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Passover People – Simon the Crossbearer

Simon the Crossbearer

Mark 15:16-32 Esp.Mark 15:21 And they compel one Simon a Cyrenian, who passed by, coming out of the country, the father of Alexander and Rufus, to bear his cross.

I wonder how many times it has happened – someone is just walking along a road, minding their own business, when they stop to look at something unusual happening, something that distracts them from the everyday events of life – and suddenly they find themselves caught up in an unexpected drama, – maybe even becoming an unwilling participant in a life-changing incident? That was what occurred to me when I read the story of Simon of Cyrene, – probably just an ordinary man, going about his ordinary business. One minute he was an unconcerned passer-by, a foreigner visiting Jerusalem for a religious pilgrimage, and the next he was suddenly thrust into the greatest drama ever, God’s eternal plan of redemption.


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Peter’s Denial

Mark 14:53-72  

In this study we see another man who betrayed the Lord, but who, when he repented had a totally different outcome than Judas – Simon Peter, a man who was a failure as a Christian, as a follower of Jesus, – just as we all are today, no matter how successful in life we may be – Romans 3:23 For all have sinned, and come short of the glory of God; Yet Peter is the opposite of Judas – for when Peter repented, he returned to Christ and was forgiven and was useful as an apostle, a preacher, a church leader, – a believer.  But how did Peter become synonymous with failure, when he seems to have had such strength of character? Think about this for a moment…

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Secular Humanism

Read: Romans 1:18-32

The secular humanist is not a person to be sneered at, or to be mocked or to be regarded as a rare specimen and forensically examined. In Romans 1:18, Paul speaks about how “…the wrath of God is revealed from heaven against all ungodliness and unrighteousness of men, who hold the truth in unrighteousness” The righteous wrath of God against sin is demonstrated in many ways, both in this world and in eternity, but surely one of the most damning and dreadful forms of expression of that wrath must be when God totally abandons a soul to its fate. God has given them up.  


Of course there have always been unbelievers and atheists and sceptics, but where did ‘humanism’ come from? Let’s do a very quick and sketchy survey of the history of humanism:-

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Judas the Traitor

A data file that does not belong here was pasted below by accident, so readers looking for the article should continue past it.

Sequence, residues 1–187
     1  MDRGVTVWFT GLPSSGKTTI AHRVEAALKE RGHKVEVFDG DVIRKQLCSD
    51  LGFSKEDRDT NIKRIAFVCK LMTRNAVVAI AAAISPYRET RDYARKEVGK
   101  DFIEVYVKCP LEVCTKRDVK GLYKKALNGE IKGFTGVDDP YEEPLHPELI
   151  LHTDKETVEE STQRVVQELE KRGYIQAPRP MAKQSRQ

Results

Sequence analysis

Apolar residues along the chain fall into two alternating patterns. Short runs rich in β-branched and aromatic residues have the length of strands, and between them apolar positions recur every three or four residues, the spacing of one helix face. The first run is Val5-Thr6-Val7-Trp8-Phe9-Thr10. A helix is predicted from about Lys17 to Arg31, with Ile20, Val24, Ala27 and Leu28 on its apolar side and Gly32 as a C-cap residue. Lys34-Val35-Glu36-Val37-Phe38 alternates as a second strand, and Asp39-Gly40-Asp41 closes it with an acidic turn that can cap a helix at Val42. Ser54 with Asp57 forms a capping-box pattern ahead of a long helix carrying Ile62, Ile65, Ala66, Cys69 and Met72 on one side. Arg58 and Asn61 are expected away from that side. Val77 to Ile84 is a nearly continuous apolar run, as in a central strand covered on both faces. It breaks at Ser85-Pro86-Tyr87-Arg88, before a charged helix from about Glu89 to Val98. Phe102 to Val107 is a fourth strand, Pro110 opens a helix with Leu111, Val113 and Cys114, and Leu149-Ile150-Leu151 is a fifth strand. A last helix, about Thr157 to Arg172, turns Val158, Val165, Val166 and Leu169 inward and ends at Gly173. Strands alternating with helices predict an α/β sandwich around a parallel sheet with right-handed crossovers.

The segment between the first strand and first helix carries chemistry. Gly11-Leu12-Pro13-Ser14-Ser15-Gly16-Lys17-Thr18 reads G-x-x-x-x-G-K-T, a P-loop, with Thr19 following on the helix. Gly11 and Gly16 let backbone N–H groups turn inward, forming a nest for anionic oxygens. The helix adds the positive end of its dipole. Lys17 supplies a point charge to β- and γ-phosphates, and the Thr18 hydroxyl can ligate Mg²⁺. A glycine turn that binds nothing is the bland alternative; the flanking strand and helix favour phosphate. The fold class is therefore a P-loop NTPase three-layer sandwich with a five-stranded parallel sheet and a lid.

Text: Matthew 26 and 27

In this study we are looking a little at a very solemn and serious subject –  we are looking at the man who betrayed the Lord, – Judas Iscariot. It is an important subject, – important for the unrepentant sinner who needs to prepare to meet God, important for the Christian who has grown cold in heart, or fallen by the wayside, and in so doing has heaped more pain upon the Saviour’s head – a serious warning to persevere. Hebrews 6:4. Let’s see:-

1. The Character of Judas.

So, what kind of a person was Judas Iscariot:-

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The Repentant Life

Catechism Class. LD32 Q87

1st Corinthians 6:9-11  

Our catechism class deals with REPENTANCE.  Christians will agree that you cannot come to Christ without acknowledging that you are a sinner, repenting of your all sins and trusting Christ.  But there are some who believe that no further repentance is necessary.  That is untrue.  The Christian life is a life of repentance.  The Christian who thinks that when you are converted you no longer sin is living in total delusion.  We are forgiven, but we are not yet perfect.  That is still to come. 

The Heidelberg Catechism is arranged into three sections, Guilt, Grace and Gratitude.  Sin, Salvation and the Believer’s Thankful Response, – the Christian life. The catechist places Q87 in section 3, our grateful response, emphasising that repentance is on ongoing aspect of our Christian lives is one of the evidences of conversion, a grateful response to God’s work in us. So he asks this question:-  

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From Death to Life!

Text: Ephesians 2:1 And you hath he quickened, who were dead in trespasses and sins.  Ezekiel 37:1–14.